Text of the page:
SpaceX CRS-24

Summary

SpaceX CRS-24
NamesSpX-24
Mission typeISS resupply
OperatorSpaceX
Spacecraft properties
SpacecraftCargo Dragon
ManufacturerSpaceX
Dry mass9525 kg
DimensionsHeight: 8.1 m
Diameter: 4 m
Start of mission
Launch date4 December 2021 (planned) [1][2]
RocketFalcon 9
Launch siteKennedy Space Center, LC-39A
ContractorSpaceX
Orbital parameters
Reference systemGeocentric orbit
RegimeLow Earth orbit
Inclination51.66°
Docking with ISS
Docking portHarmony
RMS capture2021
Docking date2021
 

SpaceX CRS-24, also known as SpX-24, is a Commercial Resupply Service mission to the International Space Station planned to be launched in December 2021.[2][3] The mission is contracted by NASA and will be flown by SpaceX using a Cargo Dragon. This will be the fourth flight for SpaceX under NASA's CRS Phase 2 contract awarded in January 2016.

Cargo Dragon

SpaceX plans to reuse the Cargo Dragons up to five times. The Crew Dragon capsules, used on missions with astronauts, are not planned to be initially reused. The Cargo Dragon will launch without SuperDraco abort engines, without seats, cockpit controls and the life support system required to sustain astronauts in space.[4][5] This newer design provides several benefits, including a faster process to recover, refurbish and re-fly versus the earlier Dragon CRS design used for ISS cargo missions.[6]

The new Cargo Dragon capsules under the NASA CRS Phase 2 contract will splash down under parachutes in the Atlantic Ocean, east of Florida, rather than the previous recovery zone in the Pacific Ocean west of Baja California.[4][6]

Primary Payload

NASA contracted for the CRS-24 mission from SpaceX and therefore determines the primary payload, date of launch, and orbital parameters for the Cargo Dragon.[7]

  • Science investigations: 0 kg (0 lb)
  • Vehicle hardware: 0 kg (0 lb)
  • Crew supplies: 0 kg (0 lb)
  • Spacewalk equipment: 0 kg (0 lb)
  • Computer resources: 0 kg (0 lb)
  • External payloads: 0 kg (0 lb)

Deployable Space Systems' Solar Arrays, with new XTJ Prime space solar cells, will be delivered to the station in the unpressurized trunk of the SpaceX Dragon cargo spacecraft. This Solar Array will be the last pair delivered to the ISS and complete the Solar Power Upgrade (although another mision with another pair may launch in the future to "provide the most operational flexibility for the program", but "6 panels is the minimum amount required to avoid negatively impacting ISS operations."). The installation of this new solar array will require two (2) spacewalks: one to prepare the worksite with a modification kit and another to install the new panel.[8][9]

Research

The new experiments arriving at the orbiting laboratory will inspire future scientists and explorers, and provide valuable insight for researchers.

NASA Glenn Research Center studies: [10]

Cubesats

ELaNa 37 : Twelve (12) CubeSats planned for deployment on this mission:[11]

  • CapSat-1 - The Weiss School, Palm Beach Gardens, Florida
  • D3 - University of Florida, Gainesville, Florida
  • GWSat - George Washington University, Washington, D.C.
  • JAGSAT - University of South Alabama, Mobile, Alabama
  • LEOPARDSat-1 - University of Cincinnati, Cincinnati, Ohio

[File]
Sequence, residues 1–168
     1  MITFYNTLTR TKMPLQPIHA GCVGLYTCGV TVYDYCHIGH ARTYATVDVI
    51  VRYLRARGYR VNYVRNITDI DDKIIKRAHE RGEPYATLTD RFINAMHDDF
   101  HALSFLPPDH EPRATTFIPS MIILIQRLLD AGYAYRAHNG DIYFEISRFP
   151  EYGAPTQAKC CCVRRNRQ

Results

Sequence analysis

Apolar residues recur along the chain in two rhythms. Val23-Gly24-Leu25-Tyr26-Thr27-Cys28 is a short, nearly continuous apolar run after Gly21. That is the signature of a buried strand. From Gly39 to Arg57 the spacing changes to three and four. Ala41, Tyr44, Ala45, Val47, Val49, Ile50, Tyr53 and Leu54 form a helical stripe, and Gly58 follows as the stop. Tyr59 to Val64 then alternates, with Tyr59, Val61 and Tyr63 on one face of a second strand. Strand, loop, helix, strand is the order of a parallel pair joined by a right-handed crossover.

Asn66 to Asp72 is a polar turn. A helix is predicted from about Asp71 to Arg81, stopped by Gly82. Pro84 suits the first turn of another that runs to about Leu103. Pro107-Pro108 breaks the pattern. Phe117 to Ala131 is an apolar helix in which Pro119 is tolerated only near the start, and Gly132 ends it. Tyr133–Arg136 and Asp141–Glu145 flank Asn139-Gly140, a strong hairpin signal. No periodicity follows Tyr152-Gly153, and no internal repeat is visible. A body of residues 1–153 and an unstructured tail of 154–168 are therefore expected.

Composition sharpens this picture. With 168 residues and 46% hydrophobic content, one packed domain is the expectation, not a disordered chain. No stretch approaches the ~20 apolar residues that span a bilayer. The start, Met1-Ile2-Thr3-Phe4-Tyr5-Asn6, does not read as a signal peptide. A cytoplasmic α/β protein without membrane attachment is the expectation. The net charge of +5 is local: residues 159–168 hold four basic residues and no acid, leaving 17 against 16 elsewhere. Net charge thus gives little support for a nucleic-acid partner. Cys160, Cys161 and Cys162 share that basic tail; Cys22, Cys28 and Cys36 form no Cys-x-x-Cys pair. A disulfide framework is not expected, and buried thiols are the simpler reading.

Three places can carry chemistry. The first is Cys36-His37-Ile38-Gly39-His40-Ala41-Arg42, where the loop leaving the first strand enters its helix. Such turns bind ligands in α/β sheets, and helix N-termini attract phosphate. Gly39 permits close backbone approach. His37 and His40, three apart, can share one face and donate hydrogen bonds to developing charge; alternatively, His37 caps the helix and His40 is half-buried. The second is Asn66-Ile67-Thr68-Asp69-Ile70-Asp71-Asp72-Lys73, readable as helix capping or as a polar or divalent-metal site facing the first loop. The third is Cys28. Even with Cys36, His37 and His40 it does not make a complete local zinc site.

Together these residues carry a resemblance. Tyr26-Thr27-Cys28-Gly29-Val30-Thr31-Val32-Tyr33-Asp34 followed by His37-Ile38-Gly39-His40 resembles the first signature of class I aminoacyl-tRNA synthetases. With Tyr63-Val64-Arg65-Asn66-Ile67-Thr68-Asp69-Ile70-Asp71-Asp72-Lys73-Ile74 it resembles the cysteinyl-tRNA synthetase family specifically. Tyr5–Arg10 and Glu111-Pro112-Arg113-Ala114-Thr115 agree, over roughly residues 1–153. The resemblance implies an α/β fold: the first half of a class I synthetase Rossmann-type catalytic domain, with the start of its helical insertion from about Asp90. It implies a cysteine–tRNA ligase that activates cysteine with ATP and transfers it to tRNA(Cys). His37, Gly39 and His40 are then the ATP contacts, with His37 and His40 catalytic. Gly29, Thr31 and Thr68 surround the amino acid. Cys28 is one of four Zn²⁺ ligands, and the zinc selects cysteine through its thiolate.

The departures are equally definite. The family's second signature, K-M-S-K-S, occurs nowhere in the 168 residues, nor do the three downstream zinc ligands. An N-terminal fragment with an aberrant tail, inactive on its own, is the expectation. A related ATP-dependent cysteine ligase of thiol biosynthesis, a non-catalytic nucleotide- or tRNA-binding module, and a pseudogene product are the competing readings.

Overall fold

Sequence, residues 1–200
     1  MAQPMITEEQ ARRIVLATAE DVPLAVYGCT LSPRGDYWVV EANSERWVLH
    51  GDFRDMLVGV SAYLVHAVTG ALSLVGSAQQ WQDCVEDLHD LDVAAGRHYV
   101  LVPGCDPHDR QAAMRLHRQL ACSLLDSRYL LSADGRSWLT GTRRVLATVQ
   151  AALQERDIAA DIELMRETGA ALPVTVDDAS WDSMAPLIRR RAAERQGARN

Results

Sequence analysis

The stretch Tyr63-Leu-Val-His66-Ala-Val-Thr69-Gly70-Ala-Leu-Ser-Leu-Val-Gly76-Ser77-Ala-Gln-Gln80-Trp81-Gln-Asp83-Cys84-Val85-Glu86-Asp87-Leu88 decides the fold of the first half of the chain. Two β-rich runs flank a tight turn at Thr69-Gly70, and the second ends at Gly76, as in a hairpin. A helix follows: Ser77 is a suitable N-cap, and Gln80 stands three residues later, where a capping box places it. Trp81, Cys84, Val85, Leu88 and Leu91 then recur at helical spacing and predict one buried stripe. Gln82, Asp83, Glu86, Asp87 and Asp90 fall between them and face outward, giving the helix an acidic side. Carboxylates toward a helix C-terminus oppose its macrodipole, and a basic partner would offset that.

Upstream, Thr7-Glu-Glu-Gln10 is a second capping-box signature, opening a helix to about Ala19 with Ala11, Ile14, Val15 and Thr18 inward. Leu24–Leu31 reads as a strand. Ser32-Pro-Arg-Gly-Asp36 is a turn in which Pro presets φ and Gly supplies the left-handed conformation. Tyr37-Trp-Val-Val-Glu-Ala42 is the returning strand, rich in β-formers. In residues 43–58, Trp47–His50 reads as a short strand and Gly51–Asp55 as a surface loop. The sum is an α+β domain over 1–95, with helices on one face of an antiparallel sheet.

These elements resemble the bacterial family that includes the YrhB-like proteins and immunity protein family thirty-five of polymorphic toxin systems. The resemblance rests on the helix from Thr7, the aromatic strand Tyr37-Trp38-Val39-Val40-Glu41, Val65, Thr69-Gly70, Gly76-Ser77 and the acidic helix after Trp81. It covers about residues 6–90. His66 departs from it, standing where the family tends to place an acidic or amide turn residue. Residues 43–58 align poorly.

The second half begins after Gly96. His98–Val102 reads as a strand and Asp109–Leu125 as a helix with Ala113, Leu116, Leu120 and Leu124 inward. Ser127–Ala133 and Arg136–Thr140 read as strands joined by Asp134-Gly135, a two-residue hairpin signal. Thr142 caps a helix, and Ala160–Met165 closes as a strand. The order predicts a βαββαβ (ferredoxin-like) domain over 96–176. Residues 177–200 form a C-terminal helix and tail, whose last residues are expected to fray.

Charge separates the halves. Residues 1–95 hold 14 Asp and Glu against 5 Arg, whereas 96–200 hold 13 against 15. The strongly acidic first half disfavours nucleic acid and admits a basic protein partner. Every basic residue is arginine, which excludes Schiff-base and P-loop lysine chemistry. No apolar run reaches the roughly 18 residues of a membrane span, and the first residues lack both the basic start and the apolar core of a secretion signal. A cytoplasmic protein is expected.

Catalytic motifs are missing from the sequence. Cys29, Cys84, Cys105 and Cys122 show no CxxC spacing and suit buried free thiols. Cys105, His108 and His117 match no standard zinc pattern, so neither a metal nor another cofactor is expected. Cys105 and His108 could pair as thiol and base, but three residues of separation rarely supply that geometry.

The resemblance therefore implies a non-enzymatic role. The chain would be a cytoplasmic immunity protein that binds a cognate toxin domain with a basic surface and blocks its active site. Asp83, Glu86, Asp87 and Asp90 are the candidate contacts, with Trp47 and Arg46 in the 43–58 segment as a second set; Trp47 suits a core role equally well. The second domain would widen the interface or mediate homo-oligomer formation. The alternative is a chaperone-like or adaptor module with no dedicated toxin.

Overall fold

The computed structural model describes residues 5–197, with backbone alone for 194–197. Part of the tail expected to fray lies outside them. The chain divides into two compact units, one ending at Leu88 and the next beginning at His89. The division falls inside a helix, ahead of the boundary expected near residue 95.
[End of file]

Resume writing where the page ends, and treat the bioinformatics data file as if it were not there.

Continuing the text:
• MARIO - University of Michigan, Ann Arbor, Michigan
  • NACHOS - Los Alamos National Lab, Los Alamos, New Mexico
  • OreSat - Portland State University, Portland, Oregon
  • PATCOOL - NASA KSC, Kennedy Space Center, Florida and the University of Florida
  • petitSat - NASA GSFC, Goddard Space Flight Center, Maryland
  • REALOP - University of California - Davis, Davis, California
  • SPORT - NASA MSFC, Marshall Space Flight Center, Alabama

See also

References

  1. ^ Baylor, Michael (1 September 2020). "Status - CRS-24". NextSpaceflight.com. Retrieved 8 April 2021.
  2. ^ a b "Microgravity Research Flights". Glenn Research Center. NASA. 22 April 2020. Retrieved 27 September 2020. This article incorporates text from this source, which is in the public domain.
  3. ^ Clark, Stephen (31 March 2021). "Launch Schedule". Spaceflight Now. Retrieved 9 April 2021.
  4. ^ a b Audit of Commercial Resupply Services to the International Space Center (PDF). NASA Office of Inspector General (Report). IG-18-016. NASA. 26 April 2018. p. 24. Retrieved 29 September 2020. This article incorporates text from this source, which is in the public domain.
  5. ^ "Dragon 2 modifications to Carry Cargo for CRS-2 missions". Teslarati. Retrieved 27 September 2020.
  6. ^ a b Clark, Stephen (2 August 2019). "SpaceX to begin flights under new cargo resupply contract next year". Spaceflight Now. Retrieved 29 September 2020.
  7. ^ "SpaceX Commercial Resupply". ISS Program Office. NASA. 1 July 2019. Retrieved 27 September 2020. This article incorporates text from this source, which is in the public domain.
  8. ^ Pearlman, Robert (13 January 2021). "Boeing to boost space station power supply with new solar arrays". SPACE.com. Retrieved 14 January 2021.
  9. ^ Clark, Stephen (13 January 2021). "Boeing says assembly complete on first set of new space station solar arrays". Spaceflight Now. Retrieved 14 January 2021.
  10. ^ "ISS Research Program". Glenn Research Center. NASA. 1 January 2020. Retrieved 27 September 2020. This article incorporates text from this source, which is in the public domain.
  11. ^ "Upcoming ELaNa CubeSat Launches". NASA. 6 May 2020. Retrieved 27 September 2020. This article incorporates text from this source, which is in the public domain.

External links

  • NASA
  • SpaceX official page for the Dragon spacecraft